For example, assign staff to respond promptly to email inquiries, upload patient information into the portal on a timely basis if the EHR is not capable of automatically linking the information, and monitor the status of the appointment schedule. Delays in responding to patients over your patient portal is one of the easiest ways to discourage patients from using the service. It will defeat one of the primary reasons patients use the portal: the ability to connect directly with their physician or other provider.

READ: 4 ways to manage practice productivity, organize staff

One of the key ways to incorporate portal use into the routine practice workflow is to simply use it. For example, follow up patient phone calls with an email that contains the link to the patient portal. When the patient opens the link, they will see the provided follow-up information, which could include  upcoming scheduled appointments, forms to be completed for new patient visit, test results, or health maintenance information discussed during phone call.

3. Identify patients who will most benefit from portal use

Examine your patient panel and identify the patients who can most benefit from communication with the practice through the portal.

These patients can include those who:

  • are being treated for chronic conditions;

  • are receiving significant testing and/or concurrent care from other specialists;

  • are involved with self monitoring and reporting of health status;

  • have a spouse, children or a care taker assisting with their care management;

  • are undergoing complicated on-going treatment such as chemotherapy; or

  • are in the recovery process associated with significant trauma or extensive treatment.

Personally contact each of these patients and ask to spend time with them or their caretaker to discuss portal use. Initially this may seem time consuming, but when done correctly, the practice benefits are significant and far outweigh the cost of time spent introducing the portal.

Next: Promote the portal during patient encounters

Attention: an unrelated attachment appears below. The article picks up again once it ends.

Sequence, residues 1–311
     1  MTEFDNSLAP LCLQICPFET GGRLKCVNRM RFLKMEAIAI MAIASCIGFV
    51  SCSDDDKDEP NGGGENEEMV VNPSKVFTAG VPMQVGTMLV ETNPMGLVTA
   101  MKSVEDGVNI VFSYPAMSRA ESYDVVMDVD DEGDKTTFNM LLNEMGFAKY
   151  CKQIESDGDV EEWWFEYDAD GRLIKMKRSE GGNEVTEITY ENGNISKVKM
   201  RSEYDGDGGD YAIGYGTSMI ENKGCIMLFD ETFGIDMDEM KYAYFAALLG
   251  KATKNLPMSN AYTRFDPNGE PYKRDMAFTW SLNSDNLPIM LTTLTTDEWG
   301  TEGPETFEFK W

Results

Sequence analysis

4. Promote the portal

Every encounter your practice has with a patient should include outreach on using the patient portal. To do this, your front-office staff and providers must be on the same page.

It’s important that every employee who discusses the portal with patients shares a consistent message. It can be helpful to develop a script of important points for employees that cover the benefits of using the portal. It’s critical to include physicians and other clinical providers in this effort, since their use of the portal will be key to obtaining patient buy-in.

Practices should designate at least one employee who is available to meet one-on-one with a patient to set up a portal account and help patients navigate and understand the site’s features.

Tips to promote the portal include:

  • Using It:  Incorporate portal use into routine practice workflow. 

  • Develop a “Use Your Portal” script for employees so that patients receive consistent verbal messaging about the benefits of using the portal. Have noticeably available employee(s) in the practice who can work one-on-one with a patient to sign up or answer any questions about interacting through the portal.

  • Place visually attractive notices around the office (at check-in, check-out, exam rooms, reception areas) that promote the portal.

  • Include mention of portal in all new patient information materials. 

  • Include mailer inserts with statements and other paper communications to the patient.

  • When meeting with patients and/or caretakers, highlight the benefits of using the portal. Emphasizing the benefits for the caretaker is very helpful in the practices with an older patient population or when providing extensive treatments.

5. Evaluate portal use and modify practice operations

The next step is, once these efforts to integrate the patient potal into the workflow are underway, identify patients who will most benefit from the service and promotion, is to step back and evaluate how your efforts are working.

Have people outside the practice test the portal’s navigation to ensure it is intuitive and easy to use for patients young and old, healthy or suffering from serious conditions.  Compare the portal system navigation with other patient e-Information systems for payers and hospital systems, and make changes as needed.

Physicians who have questions about whether their portal can be customized for a certain function should contact their EHR vendor.